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American Rescue Funds: How Michigan is Ensuring Equitable Allocations

Key Takeaways:

  • The American Rescue Plan (ARP) rules are projected to be finalized in the fall.
  • ARP recipients will not be penalized for allocating funds based on the interim rules.
  • A top priority for ARP funds is making sure they are distributed to communities most in need.

The panel was moderated by David Egner, president and chief executive officer of the Ralph C. Wilson Jr. Foundation, and it consisted of Alize Asberry Payne, racial equity officer for Washtenaw County; Kyle Caldwell, president and chief executive officer of the Council of Michigan Foundations; and Stephan Currie, executive director of the Michigan Association of Counties.

These experts discussed the upcoming ARP funding that will be distributed across the United States “to provide direct relief to Americans, contain the COVID-19, and rescue the economy,” according to whitehouse.gov.

Through the ARP, the State of Michigan will receive more than $10 billion. Egner shared that this amount will be distributed directly in four ways: to the state, counties, municipalities, and school systems.

What’s unique about this unprecedented release of funds and its distribution method is that none of the recipients will be required to coordinate with one another about how the $10 billion is spent. The rules for how the money can be spent are also not finalized.

While recipients will not be penalized for spending the money based on the interim rules, Currie recommends they act cautiously with how they allocate and spend it until the rules are finalized later this fall.

“We’ve been counseling folks to be pragmatic, to be slow with these funds. You have three years to allocate them, five years to spend them,” Currie said.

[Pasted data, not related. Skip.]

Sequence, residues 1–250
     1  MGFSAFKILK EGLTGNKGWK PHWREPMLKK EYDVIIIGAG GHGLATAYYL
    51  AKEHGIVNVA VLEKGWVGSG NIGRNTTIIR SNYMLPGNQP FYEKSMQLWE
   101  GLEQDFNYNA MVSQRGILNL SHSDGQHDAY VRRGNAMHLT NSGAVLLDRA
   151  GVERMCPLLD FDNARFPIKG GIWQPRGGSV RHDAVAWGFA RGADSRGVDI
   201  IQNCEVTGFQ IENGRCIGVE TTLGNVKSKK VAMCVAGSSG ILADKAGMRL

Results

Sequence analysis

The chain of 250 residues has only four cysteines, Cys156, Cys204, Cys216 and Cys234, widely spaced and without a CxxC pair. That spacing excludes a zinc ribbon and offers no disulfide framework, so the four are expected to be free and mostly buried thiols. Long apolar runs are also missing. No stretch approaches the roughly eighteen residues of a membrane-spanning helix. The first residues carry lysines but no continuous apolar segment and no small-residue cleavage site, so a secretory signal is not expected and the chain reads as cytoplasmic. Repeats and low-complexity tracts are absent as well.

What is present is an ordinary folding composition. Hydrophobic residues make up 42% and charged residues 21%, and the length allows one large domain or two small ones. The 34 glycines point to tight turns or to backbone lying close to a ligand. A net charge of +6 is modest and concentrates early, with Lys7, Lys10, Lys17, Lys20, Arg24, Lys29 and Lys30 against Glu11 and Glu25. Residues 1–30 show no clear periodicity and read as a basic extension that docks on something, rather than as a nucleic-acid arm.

Recipients are also encouraged to only spend the funds on one-time capital investments—nothing that requires an ongoing investment.

Because there are so many questions currently unanswered and to help recipients along the process, the Michigan Association of Counties has pre-qualified four vendors to help with ARP funding, whether it’s reporting or getting a red-light/green-light. The vendors have prior experience with assisting Michigan counties with CARES Act funding.

Another important element of ARP funding discussed was how recipients will ensure their allocation decisions are equitable and directly impacted by communities who have been affected by COVID-19.

“I think starting from a place of, who are the people who are usually at the decision-making table, and if they’re the only people in the room, you don’t have a diverse enough perspective. And so, really reaching into the communities that have historically been underrepresented, and from the day that we know, have been disproportionately impacted,” said Payne.

Caldwell believes recipients getting to know and work with partners in different sectors who know their members well is an excellent opportunity to bring the community’s needs into sharper focus. He also recommends working with the business community to create thoughtful conversations and make sure that decisions are informed by the constituents that each community wants to positively affect.

Individuals can also reach out to their county commissioners to influence what happens locally.

“The beauty of these funds are that they are at the local level. You see these folks at coffee shops, so in your communities, you can go talk to them. You can be a lobbyist,” Currie said.

This session was hosted by the Ralph C. Wilson, Jr. Foundation.